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The devil is in the fine print, but prima facie, Finance Minister Nirmala Sitharaman, in her sixth year of budget announcements, has steered clear of any major deviations from the path of fiscal consolidation. Image: Anushree Fadnavis/ Reuters
It is hard for a government to not bite the bait of populism ahead of general elections. The devil is in the fine print, but prima facie, Finance Minister Nirmala Sitharaman, in her sixth year of budget announcements, has steered clear of any major deviations from the path of fiscal consolidation. The budget team has delivered an investment-led budget that aims for inclusive growth. There is a sprinkling of sops too, but the thrust is on capital expenditure, infrastructure, and housing.
“The vote on the account is citizens pride and peers’ envy. It has achieved the impossible trinity of inclusive growth, infrastructure investment, and fiscal prudence,” remarks Nilesh Shah, managing director, Kotak Mahindra AMC.
Vishal Kampani, non-executive vice chairman, JM Financial, agrees. He says the budget has laid the framework for robust growth in the coming years.
“The focus continues on fiscal consolidation while balancing the infrastructure development and sustainability goals of the economy. Refraining from being too populist, the government targeted inclusive development by announcing measures which have a far-reaching impact on the economy,” Kampani adds. “Also, there is a promise to lay the detailed roadmap and strategy for Amrit Kal in the full year budget in July 2024.”
Adopting a counter-cyclical approach, the government opted for fiscal discipline to achieve its target of lowering the fiscal deficit to 4.5 percent of the GDP by FY26. In fact, it marginally outperformed: Fiscal deficit of 5.8 percent and 5.1 percent for FY24 and FY25 respectively is lower than its earlier estimate of 5.9 percent and 5.3 percent.
“This was not a pre-election budget. While the budget speech talked a lot about the key voter constituents, it has chosen to prioritise fiscal consolidation. This bodes well for macro stability and will be seen as positive by the RBI as well,” says Sonal Varma, managing director and chief economist- India and Asia ex-Japan, Nomura.
Undoubtedly, tax buoyancy in the current fiscal year helped. In FY24, revenue receipts came in at Rs 27 lakh crore versus the budget estimate of Rs 26.3 lakh crore. This is projected at Rs 30 lakh crore next fiscal. Revenue expenditure marginally rose to Rs 35.4 lakh crore versus the budget forecast of Rs 35 lakh crore.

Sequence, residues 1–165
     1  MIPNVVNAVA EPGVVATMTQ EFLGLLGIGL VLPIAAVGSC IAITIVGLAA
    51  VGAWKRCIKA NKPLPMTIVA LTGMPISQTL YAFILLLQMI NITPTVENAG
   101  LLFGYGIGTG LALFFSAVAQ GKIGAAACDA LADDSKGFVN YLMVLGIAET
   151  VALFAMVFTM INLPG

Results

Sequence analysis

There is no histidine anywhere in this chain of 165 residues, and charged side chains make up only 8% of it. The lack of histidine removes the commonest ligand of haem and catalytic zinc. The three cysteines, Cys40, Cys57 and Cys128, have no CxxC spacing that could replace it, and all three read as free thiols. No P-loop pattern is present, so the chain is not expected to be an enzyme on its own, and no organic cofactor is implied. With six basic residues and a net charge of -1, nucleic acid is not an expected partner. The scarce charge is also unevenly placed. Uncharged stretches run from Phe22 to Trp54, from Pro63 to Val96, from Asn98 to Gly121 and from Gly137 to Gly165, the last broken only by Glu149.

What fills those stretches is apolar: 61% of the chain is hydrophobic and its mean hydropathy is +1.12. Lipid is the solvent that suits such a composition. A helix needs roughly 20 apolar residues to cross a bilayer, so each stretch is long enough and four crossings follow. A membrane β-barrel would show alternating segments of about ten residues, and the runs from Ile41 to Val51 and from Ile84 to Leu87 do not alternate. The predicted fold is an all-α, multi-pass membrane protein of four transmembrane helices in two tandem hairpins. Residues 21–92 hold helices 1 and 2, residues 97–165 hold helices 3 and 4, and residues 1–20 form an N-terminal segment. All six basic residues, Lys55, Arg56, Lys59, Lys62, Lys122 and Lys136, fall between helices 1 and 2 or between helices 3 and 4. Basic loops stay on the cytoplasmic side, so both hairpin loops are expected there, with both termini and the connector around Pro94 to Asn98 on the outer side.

The major revenue outgo for the government comprises food subsidy and fertilisers and is seen at Rs 2 lakh crore and Rs 1.64 lakh crore each. This is lower than last year’s spending of Rs 2.1 lakh crore and Rs 1.9 lakh crore each.
In the coming fiscal, the finance minister has budgeted for a nominal GDP growth of 10.5 percent and gross tax revenues are expected to rise 11.5 percent y-o-y in comparison to 12.5 percent in FY24. “There will be some hits and misses, but it seems achievable overall,” Varma adds.
Buoyant tax collection cushioned the impact of a significant shortfall on the divestment front. The government revised its divestment target to Rs 30,000 crore for FY24 and aims to garner close to Rs 50,000 crore from stake sale in PSUs next year.
Capital expenditure, as explained in our pre-budget series, will grow at a slower rate of about 11 percent to Rs 11.11 lakh crore as per the interim budget announcements today. There could be a further boost in the full budget allocations to be announced by the elected government is July. However, the capex allocation is nearly 3.4 percent of the GDP and its multiplier-effect can fast-track growth.
“Over the last 2-3 years, private capex was weak, so public capex stepped in. Now with private capex likely to pick up, the government is slowly stepping back to prevent crowding out,” Varma says.
However, consumption has been lacklustre and some sections of the market expected more measures to spur rural demand. “A bit of a dampener is lack of any big push for consumption. Consumption has been weak, especially in rural India, as indicated by corporate earnings for the last few quarters. The budget doesn’t provide any near-term solution for quick revival for consumption,” says Motilal Oswal, managing director and CEO, Motilal Oswal Financial Services.
Importantly, gross government borrowing at around Rs 14 lakh crore is lower than FY24 and street estimates. Last fiscal government borrowing stood at Rs 15.43 lakh crore. This gives the Reserve Bank of India room to cut rates earlier.
After the announcement, the ten-year bond yield declined by nearly 10 basis points to 7.05.
“This is an anti-inflationary budget in an election year. The finance ministry is clearly aiming for rating upgrade with aggressive fiscal deficit reduction target as we (have a low) investment grade rating. Further drop in yields is expected due to flows from foreign institutional investors and expectation of India’s rating upgrade,” says Murthy Nagarajan, head-fixed income, Tata Asset Management.